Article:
A senior U.S. official noted in an interview in February that the talks had hit a stumbling block at the start of the year and were potentially at risk of halting altogether. But others on Capitol Hill familiar with the negotiations believe much of what divided the two parties has now been settled and that what remains are agreements that can be concluded later, once a formal arrangement For power sharing has been agreed upon.
Several on the Syrian side have spoken publicly about the importance of the negotiations’ success. The U.S. Representative for the Syrian Democratic Council Sinam Mohamad characterized the talks as both necessary and fraught with issues: “It is a need for all the people and it should happen because if we want to solve the Syrian issue, it will start to bring all the Syrian parties together at the table and it will start with the Kurdish people…[and] is what we need if we are very keen to end the suffering of the Syrian people.” Nonetheless, Mohamad noted, the process “is now not working.”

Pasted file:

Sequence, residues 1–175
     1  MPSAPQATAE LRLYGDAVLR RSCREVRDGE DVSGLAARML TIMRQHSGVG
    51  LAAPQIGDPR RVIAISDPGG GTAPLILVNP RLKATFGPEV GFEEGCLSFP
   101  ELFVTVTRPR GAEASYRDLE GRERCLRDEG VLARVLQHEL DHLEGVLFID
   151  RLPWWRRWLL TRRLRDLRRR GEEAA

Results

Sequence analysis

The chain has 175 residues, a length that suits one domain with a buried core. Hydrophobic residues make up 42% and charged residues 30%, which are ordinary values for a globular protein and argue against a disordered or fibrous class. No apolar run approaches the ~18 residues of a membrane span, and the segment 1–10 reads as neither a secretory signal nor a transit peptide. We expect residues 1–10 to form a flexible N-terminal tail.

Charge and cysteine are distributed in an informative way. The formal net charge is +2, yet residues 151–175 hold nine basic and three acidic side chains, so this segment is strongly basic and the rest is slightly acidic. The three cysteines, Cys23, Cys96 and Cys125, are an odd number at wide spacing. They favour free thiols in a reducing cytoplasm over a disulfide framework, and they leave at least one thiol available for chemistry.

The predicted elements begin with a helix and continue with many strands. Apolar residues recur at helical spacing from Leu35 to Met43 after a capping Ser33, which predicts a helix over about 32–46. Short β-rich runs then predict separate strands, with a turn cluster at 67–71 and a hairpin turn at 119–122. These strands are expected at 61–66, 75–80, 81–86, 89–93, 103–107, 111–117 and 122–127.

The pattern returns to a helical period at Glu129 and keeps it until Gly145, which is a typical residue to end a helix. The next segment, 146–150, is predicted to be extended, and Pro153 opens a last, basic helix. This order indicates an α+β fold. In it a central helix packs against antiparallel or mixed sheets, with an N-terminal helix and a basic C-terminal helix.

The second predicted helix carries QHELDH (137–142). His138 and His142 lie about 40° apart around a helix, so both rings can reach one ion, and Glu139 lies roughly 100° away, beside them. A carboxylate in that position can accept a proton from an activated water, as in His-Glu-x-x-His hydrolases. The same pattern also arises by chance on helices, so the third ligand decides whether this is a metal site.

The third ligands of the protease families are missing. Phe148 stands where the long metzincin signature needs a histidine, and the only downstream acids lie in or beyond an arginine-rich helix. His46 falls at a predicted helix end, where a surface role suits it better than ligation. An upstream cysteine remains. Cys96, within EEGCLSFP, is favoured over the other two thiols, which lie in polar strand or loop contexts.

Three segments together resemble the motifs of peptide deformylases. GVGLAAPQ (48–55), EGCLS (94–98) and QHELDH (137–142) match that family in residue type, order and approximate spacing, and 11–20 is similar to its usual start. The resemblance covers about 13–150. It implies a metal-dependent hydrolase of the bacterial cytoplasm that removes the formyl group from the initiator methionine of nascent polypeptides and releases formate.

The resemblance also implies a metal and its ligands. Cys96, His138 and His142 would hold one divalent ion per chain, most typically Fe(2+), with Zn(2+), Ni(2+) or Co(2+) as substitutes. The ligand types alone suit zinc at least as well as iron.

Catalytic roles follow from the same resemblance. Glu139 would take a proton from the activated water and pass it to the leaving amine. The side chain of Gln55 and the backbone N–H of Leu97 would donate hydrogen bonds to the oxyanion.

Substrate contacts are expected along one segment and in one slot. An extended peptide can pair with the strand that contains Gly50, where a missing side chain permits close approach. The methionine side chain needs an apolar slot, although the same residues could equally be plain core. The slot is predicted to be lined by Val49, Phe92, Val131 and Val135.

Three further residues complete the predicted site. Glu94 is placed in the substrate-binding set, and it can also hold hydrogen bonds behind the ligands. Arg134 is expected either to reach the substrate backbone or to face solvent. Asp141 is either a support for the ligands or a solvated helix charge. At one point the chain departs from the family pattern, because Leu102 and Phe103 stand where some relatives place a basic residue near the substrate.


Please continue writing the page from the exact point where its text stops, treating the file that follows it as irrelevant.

From his vantage point as mediator, Mazloum likewise emphasized on January 31 that, “Our goal is the success of the dialogue. The agreements we reached are important and protect our people’s interests. It is everyone’s duty to prepare for the new state of unity.”
Yet mutual distrust is a potentially derailing factor. In recent weeks, the KNC has blamed the PYD for setting the KNC’s official headquarters ablaze and doing little to rid itself of rampant regional self-administration and distant relations with the PKK. “We spoke about the violations that had been done by the other side against us in that period where they set our offices afire, arrested our people, accused the Council of betrayal in the media, prosecuted Peshmerga families, and put a lot of pressure on us,” Mohammed Ismail, a senior leader of the KNC, told me in his office in Qamishli. “So they returned us to ground zero, to square one. We told them that talks could not be held in those conditions and that they had to play a role in that regard.”